Social Distance in the Wilderness - by Brett Sherwood

Updated: Mar 29


This is what a trail is supposed to look like. Clearly trodden paths that disappear into and snake through dense forest only to emerge into another clear meadow on the other side filled with scenic vistas.

One of my dogs hung around long enough to give you some perspective. My dogs are of course chihuahuas and these are the most massive trees you have ever seen.


I recorded last week's sermon, the first with the doors of St. Luke's closed, and went home to ready my pack. I had only settled on a direction to head, not an exact destination, and the next day I would finish getting this site ready and load the dogs up for the road. I knew the expectations of church and possible travel restrictions lay just around the corner, but there was time for a day in the wilderness to clear my head.


With no reservations, the easiest places to backcountry camp are National Forests, but if you scan the map around them you will find designated wilderness areas: remote tracts of land where there can legally be no man-made structures or attempts to manage nature. And so I pass an easy National Forest and drive another hour for the privilege of more rugged atmosphere.


I'm supposed to be social distancing. What better place to be? I might set foot on that beautiful trail and see absolutely zero other humans the next 36 hours. Except I'm not the only one who thought this way. On the highways here I have seen people driving wearing masks. I have seen more National Guard convoys than state troopers. I meet eleven people on the trail on this trip and they all say the same thing: we came out here to get away from the news.


"Whatever happens is going to happen," one very mellow guy tells me as his bro stoops down to pet the dogs. "We're just going to go up, crush this north section up here, and see what's going on when we get home."


Two college students greet me the first day, on my hike from the car to the campsite, and share this is their first backpacking experience. They came seeking some peace from crisis, and had "just the most perfect weather." I'm happy to see two young faces excited to get into backpacking, but their rosy encounter with the wild is not in the cards for me this weekend.


Then they ask where I'm from and one of them grew up in St. Michaels. Her aunt and uncle got married at our church. She's going home and telling her mom she met the new pastor at St. Luke's. I stop to consider what I came here to get away from, only for St. Luke's to be here greeting me before I could step into the forest.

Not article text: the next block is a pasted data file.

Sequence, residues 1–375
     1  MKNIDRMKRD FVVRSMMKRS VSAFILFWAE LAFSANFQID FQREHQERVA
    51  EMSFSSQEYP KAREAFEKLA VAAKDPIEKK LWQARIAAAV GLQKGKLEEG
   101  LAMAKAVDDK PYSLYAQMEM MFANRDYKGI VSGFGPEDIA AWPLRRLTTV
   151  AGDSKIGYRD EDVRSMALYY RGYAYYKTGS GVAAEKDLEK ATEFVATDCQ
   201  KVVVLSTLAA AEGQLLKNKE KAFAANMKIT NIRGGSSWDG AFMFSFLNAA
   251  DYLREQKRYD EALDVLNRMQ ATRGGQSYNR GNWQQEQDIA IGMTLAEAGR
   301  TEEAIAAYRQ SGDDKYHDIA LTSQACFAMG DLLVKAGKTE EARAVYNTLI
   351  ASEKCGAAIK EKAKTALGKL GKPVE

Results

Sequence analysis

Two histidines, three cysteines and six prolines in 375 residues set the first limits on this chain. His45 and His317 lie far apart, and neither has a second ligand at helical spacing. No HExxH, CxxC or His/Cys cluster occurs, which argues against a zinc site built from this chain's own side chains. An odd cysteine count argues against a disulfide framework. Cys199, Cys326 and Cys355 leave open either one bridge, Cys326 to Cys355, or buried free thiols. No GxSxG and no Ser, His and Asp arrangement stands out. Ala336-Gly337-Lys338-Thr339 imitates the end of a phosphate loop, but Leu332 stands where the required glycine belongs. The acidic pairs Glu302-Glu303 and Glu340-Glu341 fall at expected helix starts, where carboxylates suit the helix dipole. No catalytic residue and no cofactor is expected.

Another couple stops me near the end of a long day, trudging my way back to the car. His orange North Face backpack matches his orange North Face jacket. He told her a couple nights of camping would be the perfect getaway. We talk about the trails here, camping, and coronavirus. She looks scared. Neither his backpack or his jacket have a scuff on them.


This is paradoxical social distancing. We all came here to get away from everyone, a desperately unaware retort to Yogi Berra's, "No one goes there anymore; it's too crowded." We're not spring-breakers on a Florida beach, thumbing our noses at civic responsibility, but we're clinging to an individualism that informs us our self-sufficiency can shield us from reality for a night or two outdoors.


Even the forest service is onto us. The forest road to the trailhead is gated off and at least ten cars are parked below it. I, like the rest of them, will have to walk uphill four miles to get to the park.

"This is not a trail," I say. "This is a road. I didn't come up here to hike on gravel." But the trail doesn't care. This is a trail.


I camp at a ridiculous altitude for the season. The perfect weather has given way to mists throughout the day and all the wood is wet. Starting a fire takes so long, I only have time to cook dinner over it and warm my feet for a few minutes before the rain lets loose and I climb in my hammock under the rainfly. In the next hour, the temperature drops nearly twenty degrees and the rain gives way to snow. The wind gusts up the plateau and I spend the night shivering and cursing my sleeping bag.